Everything Is Miscellaneous - by David Weinberger
How to Save the World - by Dave Pollard

Congratulations, you won a !

For my Honourable Mentions, check out Blog in Blogs that Rock, and Great Reading From Other Blogs on my blog.

Should you (the winners above) choose to participate in this meme, please make sure you pass this list of rules to the blogs you are tagging.

  • If, and only if, you get tagged, write a post with links to five blogs that make you think.
  • Link to this post so that people can easily find the exact origin of the meme.
  • Optional: Proudly display the Thinking Blogger Award with a link to the post that you wrote (available in silver or gold version).

Monday, April 16, 2007

Context is Everything

This past Sunday I came across a reprint in a local paper of a Washington Post article titled Pearls Before Breakfast. (Well worth the read.) It described an experiment that involved virtuoso violist Joshua Bell posing as a busker in the D.C transit system (L'Enfant Plaza) and playing a number of notable classical pieces to see if anyone would notice. He made $32.17 for 43 minutes of playing, and only a few of the 1,097 passers-by took true notice, one of which recognized Bell from a past concert performance. An interesting, perhaps not unexpected result.

A number of the people who walked by were interviewed by the writer, and was seems to be relatively consistent is that people were more or less "tuned out" - they were focused on their journey, their personal challenges, their work challenges. Being a commuter, I can certainly understand.

But I think context plays into this story as well. No one was expecting to see a concert violinist who can earn up to $1000 a minute (and did the soundtrack for the Red Violin by the way) busk dressed in jeans, a t-shirt and ball cap.

That's completely out of context. Like meeting someone in a local shopping mall that you only see at the cottage. You either don't see them at all, or they look vaguely familiar but you can't place them.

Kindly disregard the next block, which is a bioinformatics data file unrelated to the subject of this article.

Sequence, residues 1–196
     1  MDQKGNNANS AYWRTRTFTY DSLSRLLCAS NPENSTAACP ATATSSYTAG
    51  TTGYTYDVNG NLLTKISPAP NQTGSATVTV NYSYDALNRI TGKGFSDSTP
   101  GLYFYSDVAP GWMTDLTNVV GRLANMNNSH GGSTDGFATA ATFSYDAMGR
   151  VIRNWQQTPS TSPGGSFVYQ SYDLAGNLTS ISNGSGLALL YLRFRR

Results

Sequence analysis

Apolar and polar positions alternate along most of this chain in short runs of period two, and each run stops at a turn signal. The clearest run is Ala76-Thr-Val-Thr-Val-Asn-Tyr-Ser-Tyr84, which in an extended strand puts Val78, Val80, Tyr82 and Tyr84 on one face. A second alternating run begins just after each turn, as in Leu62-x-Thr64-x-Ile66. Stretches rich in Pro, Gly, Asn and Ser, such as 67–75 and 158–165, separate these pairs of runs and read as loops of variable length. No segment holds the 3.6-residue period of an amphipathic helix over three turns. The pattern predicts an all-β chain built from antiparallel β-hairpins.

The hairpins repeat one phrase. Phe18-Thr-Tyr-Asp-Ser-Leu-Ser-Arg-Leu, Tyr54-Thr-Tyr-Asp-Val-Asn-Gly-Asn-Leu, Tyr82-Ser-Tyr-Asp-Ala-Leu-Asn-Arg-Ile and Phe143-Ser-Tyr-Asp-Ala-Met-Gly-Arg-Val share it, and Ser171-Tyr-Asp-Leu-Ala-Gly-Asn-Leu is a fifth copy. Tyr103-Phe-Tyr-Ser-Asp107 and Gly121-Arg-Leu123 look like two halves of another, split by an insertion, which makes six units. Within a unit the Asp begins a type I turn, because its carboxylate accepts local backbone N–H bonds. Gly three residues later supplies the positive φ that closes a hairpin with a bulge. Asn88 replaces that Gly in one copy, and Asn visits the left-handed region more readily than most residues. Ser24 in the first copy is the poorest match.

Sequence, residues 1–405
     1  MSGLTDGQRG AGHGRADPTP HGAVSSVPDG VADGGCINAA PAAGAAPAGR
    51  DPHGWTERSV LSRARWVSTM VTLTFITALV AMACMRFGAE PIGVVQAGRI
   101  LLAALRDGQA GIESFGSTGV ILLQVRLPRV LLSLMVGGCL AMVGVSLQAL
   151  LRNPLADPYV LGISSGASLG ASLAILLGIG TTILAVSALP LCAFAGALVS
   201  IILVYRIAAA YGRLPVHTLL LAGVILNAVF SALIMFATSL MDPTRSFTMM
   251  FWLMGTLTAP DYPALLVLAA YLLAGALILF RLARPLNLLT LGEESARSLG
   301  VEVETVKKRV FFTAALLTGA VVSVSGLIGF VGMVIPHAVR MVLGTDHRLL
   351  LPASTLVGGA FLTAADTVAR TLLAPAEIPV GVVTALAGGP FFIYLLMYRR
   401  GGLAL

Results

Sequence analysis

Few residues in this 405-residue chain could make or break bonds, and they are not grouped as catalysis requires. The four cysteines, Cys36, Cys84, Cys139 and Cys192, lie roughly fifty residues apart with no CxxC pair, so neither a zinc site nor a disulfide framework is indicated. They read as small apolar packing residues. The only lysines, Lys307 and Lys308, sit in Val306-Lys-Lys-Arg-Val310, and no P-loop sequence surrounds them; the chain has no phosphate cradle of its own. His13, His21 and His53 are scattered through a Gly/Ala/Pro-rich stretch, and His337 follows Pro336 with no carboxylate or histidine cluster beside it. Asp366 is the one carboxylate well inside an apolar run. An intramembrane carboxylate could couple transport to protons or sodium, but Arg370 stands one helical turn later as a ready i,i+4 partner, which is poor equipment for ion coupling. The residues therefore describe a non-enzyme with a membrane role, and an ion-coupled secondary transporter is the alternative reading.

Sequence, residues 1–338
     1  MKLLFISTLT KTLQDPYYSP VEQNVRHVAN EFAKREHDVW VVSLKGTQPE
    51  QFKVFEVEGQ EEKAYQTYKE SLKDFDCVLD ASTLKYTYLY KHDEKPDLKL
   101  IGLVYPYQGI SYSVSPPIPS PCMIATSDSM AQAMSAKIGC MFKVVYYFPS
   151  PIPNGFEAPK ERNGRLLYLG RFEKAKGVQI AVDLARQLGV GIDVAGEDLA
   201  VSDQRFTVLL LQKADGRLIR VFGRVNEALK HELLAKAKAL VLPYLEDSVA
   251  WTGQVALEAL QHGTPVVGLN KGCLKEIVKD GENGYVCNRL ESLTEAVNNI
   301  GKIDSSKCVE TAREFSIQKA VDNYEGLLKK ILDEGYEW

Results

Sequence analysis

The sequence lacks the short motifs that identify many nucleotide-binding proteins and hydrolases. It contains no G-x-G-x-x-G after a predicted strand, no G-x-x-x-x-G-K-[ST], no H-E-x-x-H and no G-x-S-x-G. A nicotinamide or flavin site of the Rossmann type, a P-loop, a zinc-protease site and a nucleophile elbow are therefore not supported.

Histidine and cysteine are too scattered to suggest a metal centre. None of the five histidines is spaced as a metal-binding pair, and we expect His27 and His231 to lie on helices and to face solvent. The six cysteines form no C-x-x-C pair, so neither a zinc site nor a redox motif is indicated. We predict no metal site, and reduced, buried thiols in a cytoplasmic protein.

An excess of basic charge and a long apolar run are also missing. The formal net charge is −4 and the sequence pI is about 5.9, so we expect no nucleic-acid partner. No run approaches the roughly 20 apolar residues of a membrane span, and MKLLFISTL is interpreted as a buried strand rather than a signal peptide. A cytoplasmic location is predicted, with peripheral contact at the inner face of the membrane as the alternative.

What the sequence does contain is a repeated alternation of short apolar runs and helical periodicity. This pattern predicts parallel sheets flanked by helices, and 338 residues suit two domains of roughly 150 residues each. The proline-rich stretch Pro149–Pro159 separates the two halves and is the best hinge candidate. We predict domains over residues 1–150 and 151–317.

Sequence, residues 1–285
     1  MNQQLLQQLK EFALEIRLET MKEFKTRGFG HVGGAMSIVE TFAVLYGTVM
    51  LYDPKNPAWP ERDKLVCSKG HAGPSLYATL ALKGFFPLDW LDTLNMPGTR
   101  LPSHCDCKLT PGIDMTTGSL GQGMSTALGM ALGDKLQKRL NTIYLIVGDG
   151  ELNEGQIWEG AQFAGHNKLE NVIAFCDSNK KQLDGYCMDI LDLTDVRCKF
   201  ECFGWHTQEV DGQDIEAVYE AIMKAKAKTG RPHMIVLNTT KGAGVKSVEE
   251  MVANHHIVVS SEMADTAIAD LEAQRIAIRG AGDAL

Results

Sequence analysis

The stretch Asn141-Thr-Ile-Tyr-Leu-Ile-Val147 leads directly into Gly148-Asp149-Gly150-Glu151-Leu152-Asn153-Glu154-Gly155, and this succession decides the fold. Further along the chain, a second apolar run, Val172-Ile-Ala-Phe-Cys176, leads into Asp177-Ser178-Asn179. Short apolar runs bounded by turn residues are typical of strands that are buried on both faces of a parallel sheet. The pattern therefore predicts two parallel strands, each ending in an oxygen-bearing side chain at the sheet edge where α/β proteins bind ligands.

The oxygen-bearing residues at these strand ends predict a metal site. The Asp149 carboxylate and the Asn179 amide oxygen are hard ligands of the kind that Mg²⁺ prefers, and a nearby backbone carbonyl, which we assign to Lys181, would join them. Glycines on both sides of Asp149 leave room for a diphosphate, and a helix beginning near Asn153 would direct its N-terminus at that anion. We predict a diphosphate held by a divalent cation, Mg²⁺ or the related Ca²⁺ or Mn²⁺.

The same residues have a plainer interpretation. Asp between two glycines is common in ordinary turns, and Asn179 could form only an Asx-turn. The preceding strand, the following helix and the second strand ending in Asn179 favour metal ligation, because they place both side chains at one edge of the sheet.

To me, this certainly points (again) to the importance of context in information, learning and knowledge creation.

Thursday, April 05, 2007

Escalator "Autopilot"

For some reason lately, I've been noticing an interesting phenomenon - people who stop walking once they are on an escalator.

I'm sure you've seen it before as well. People who are walking smartly by themselves towards an escalator will immediately stop once they are on it, even when it is completely empty. And some people get annoyed when others try to get past.

Admittedly, some days I too stop because I just "don't feel like walking down." Maybe I'm taking a breather or something. But I suspect the majority of people are not really aware of what they're doing and why. Maybe it's "autopilot", or just something they always do. I think I'm going to start asking a few people, if I can find a way to do it without annoying or scaring people. I can just hear the talk at the local Starbucks lineup - "Hey.. did you see that crazy guy asking people whey the stop walking on escalators... what a nut job!"

Thank god for autopilot though, or else how could we get through the day. Without those things we do and think automatically, every activity would be a chore and take way too much time. But some times we need to stop and ask ourselves questions like: "why do I think this way?" what am I doing?" "why am I doing it?" and "do I want to continue doing it?" Using a different pronoun (like we) it almost sounds a bit like performance improvement.

Perhaps one of the ways we can all better adapt to change is to stop every once and a while and ask ourselves these questions. I good facilitators must always be aware of their own biases and behaviours so that they can work to consciously neutralize them so they don't interfere with workshop / event objectives and skew the environment for participants. I also know that asking these types of questions are closely linked to leadership development and Goldman's Emotional Intelligence. But I see a very close link to facilitating personal change.

Rather than just reacting to what is happening, taking a few minutes to question reactions, to know yourself better, sounds to me like a good change strategy.

So how did I get from escalator autopilot to personal change. Not sure, but it seems to make some sense.